Heights Council Approves Wastewater Impact Fee | Local News
HARKER HEIGHTS — Harker Heights City Council has passed a sewage impact fee for new developments in the southeast part of town, following a second public hearing on the matter.
Council members on Tuesday, by a 3-2 vote, approved the assessment and collection of $6,133 per unit of service – defined as the service equivalent for a water connection to a single-family residence – for offset some of the expected cost of wastewater infrastructure for new developments.
Fees are assessed at the time a development is flat and collected when permits are withdrawn.
Approval of the collection rate of $6,133 was far from certain.
Since the first public hearing on Feb. 22, city staff had worked with developers to advance a proposal to value the developments at $6,133 per unit, but collect only $4,031 per unit.
However, at Tuesday’s public hearing, Harker Heights businessman Scot Arey expressed his displeasure with the reduced rate, noting that the city was facing budget issues, in part due to the lack of state refund of 100% property tax exemption for disabled veterans. He claimed giving the lower rate to developers would only push the cost of infrastructure onto city ratepayers.
Upon obtaining a motion of approval, Councilor Michael Blomquist instead moved a revised motion to approve the initial collection rate of $6,133. He asked Director of Planning and Development Kristina Ramirez what the city would do if revenue ran out when it came time to build sewage treatment infrastructure in a new development. Ramirez responded that the city should move money from another fund or, in the case of a large project, possibly issue a bond.
Blomquist noted that “nothing is free” and told developers that the full assessed fee would not be a burden – noting that in the case of a 4,000 square foot home, this works out to around $1.25. the square foot.
After Blomquist moved to approve the impact fee at the originally proposed collection rate, there was a long silence before Councilman Sam Halabi seconded the motion.
Both council members Jackeline Soriano Fountain and Lynda Nash voted against Blomquist’s motion, but since Jennifer McCann was not present due to an excused absence, it fell to Mayor Spencer Smith to break the tie, and he sided with Blomquist and Halabi, pushing the motion over the top. .
Prior to Blomquist’s proposal, two local developers appeared before council to thank city staff for working to change the fee structure and propose the lower collection rate of $4,031.
Developer Josh Welch said, “We’re supporting advancement with this amount.”
Dustin King spoke after Welch saying, “I would like to thank the staff for going over the fees with us. I ask the board to consider an additional year before putting this in place.
The assessment of the impact fee, as approved on Tuesday, takes effect immediately. However, according to state law, the city cannot begin collecting the levy until one year after it is enacted.
Ramirez explained Wednesday that fees will not be in effect for building permits filed over the next year, although assessments are still taking place. The city will begin collecting for any permits withdrawn after the one-year mark, as well as any redevelopment of properties permitted before fee collection begins.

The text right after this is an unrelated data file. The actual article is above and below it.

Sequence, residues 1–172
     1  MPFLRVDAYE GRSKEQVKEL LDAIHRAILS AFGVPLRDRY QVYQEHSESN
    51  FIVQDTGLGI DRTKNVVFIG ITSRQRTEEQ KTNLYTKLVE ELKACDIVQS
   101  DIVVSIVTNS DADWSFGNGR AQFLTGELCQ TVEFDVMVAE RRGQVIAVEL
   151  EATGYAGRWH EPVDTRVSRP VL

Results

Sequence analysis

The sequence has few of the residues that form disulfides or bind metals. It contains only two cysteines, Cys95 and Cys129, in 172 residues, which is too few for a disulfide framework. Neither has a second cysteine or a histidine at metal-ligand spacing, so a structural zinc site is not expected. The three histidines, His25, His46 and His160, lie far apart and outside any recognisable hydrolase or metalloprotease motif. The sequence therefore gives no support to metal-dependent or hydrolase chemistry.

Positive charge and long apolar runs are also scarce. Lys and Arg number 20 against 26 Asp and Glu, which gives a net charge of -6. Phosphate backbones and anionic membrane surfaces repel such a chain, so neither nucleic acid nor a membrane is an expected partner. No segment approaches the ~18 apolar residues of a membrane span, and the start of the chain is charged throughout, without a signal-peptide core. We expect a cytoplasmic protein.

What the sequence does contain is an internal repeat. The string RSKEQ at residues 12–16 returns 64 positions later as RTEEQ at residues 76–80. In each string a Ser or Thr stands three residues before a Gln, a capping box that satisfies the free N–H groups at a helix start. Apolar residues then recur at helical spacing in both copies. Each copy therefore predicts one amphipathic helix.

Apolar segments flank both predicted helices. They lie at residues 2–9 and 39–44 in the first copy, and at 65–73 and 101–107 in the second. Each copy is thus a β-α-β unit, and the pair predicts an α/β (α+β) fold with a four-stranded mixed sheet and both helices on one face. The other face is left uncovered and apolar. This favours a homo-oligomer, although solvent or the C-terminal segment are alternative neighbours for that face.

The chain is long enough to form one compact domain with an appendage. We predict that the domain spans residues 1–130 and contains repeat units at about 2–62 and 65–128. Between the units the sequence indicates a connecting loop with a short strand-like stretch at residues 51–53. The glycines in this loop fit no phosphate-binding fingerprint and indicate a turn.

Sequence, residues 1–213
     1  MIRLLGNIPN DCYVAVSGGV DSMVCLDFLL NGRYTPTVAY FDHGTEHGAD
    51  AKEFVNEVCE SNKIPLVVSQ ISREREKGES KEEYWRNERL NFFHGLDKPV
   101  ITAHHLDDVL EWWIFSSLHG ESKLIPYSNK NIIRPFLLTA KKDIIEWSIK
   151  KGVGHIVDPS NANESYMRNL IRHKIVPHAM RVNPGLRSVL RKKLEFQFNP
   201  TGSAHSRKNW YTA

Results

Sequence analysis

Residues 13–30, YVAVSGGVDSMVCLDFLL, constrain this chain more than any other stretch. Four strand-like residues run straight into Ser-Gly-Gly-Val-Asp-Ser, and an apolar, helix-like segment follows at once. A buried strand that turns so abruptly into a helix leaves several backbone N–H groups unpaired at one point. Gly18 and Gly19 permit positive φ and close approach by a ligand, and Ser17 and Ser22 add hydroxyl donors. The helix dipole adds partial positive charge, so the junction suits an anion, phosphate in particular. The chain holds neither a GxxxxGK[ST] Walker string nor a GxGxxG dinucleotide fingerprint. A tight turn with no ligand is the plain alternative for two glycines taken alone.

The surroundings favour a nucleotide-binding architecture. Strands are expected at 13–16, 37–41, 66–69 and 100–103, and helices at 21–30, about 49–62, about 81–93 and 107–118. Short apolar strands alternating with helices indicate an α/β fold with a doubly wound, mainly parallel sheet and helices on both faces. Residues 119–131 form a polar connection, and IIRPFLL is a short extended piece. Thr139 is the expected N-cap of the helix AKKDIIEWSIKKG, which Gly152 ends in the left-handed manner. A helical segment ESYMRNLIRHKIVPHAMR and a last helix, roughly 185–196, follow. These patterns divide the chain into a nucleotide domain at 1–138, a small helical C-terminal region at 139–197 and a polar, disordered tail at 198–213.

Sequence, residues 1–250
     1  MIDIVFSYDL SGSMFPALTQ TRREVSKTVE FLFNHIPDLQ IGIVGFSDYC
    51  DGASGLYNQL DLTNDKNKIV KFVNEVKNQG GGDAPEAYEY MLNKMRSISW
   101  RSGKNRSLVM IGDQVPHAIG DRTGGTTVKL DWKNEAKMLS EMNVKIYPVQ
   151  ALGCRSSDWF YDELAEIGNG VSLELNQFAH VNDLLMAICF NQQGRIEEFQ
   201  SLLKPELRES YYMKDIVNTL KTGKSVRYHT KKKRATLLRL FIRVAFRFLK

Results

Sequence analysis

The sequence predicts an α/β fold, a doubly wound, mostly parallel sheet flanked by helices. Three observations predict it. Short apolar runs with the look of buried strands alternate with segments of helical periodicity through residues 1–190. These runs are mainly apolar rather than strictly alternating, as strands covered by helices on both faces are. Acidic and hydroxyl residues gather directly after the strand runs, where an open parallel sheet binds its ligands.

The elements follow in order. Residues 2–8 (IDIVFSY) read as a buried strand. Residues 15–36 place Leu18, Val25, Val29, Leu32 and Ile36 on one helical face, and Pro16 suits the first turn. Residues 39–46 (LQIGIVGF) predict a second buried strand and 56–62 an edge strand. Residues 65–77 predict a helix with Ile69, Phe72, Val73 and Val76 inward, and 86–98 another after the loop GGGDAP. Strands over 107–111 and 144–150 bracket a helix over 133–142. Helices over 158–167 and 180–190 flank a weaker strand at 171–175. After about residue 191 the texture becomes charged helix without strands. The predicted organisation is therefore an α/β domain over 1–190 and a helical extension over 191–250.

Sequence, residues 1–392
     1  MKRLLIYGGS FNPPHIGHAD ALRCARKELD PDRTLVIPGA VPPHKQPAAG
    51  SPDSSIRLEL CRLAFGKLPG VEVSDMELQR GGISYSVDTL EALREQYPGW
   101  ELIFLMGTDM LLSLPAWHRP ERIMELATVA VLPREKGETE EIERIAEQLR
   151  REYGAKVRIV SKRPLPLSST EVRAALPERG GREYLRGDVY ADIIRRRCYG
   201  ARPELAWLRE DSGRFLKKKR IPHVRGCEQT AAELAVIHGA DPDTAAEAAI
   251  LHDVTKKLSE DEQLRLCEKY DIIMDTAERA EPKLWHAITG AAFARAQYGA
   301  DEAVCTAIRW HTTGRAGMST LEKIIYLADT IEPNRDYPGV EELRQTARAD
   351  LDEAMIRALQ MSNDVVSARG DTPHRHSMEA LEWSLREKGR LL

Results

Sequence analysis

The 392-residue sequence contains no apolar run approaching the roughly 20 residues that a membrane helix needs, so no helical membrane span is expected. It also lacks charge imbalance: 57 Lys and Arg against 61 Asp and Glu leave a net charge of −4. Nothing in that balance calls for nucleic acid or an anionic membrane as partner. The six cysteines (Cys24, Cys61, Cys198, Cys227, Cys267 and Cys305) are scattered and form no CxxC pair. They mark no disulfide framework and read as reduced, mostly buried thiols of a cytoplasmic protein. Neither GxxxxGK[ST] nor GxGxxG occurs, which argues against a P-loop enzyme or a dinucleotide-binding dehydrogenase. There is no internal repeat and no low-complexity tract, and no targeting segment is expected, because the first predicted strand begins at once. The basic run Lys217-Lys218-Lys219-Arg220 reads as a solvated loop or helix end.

According to a sewage impact fee study report prepared for the city by Austin engineering firm Freese and Nichols Inc., only 125 water connections are expected in the area. impact fee service in 2022. Taking into account current growth projections, the study predicts 1,500 connections by 2032.
In April 2021, the city authorized Freese and Nichols to perform an impact fee analysis for the southeast portion of the city’s sewer system. The study also looked at possible improvements to provide the wastewater treatment capacity needed for new developments.
These improvements include the expansion of a $31 million, 5.3 million gallons per day wastewater treatment plant, a proposed $6.3 million lift station and a gravity pipeline. at a cost of $10.5 million.
The study determined that the total eligible capital improvement costs, plus financing costs, over the next 10 years would be $16,915,489. The Texas Local Government Code allows municipalities to determine impact fees based on the total cost of capital improvements divided by the number of service units assigned to new development during the eligibility period.
The maximum allowable costs would cover 50% of the projected capital improvement costs.
According to the report’s summary, as part of developing the Impact Fee, Freese and Nichols held workshops with the city’s appointed Capital Improvements Advisory Committee and City Council. The role of the advisory committee was to review land use assumptions and CIP impact fees and recommend an impact fee rate to the board.
According to the outline accompanying Tuesday’s council agenda, the advisory committee on January 18 voted 8 to 0 to recommend approval of impact fee calculations relating to the possible adoption of an impact fee for the designated area up to the maximum authorized amount of $6,133 per unit of service. . The panel’s vote was based on the recommendations and findings of city staff.
To comply with state law, the city must recalculate the impact fee at least every five years, based on adjustments to its land use assumptions and capital improvement plans.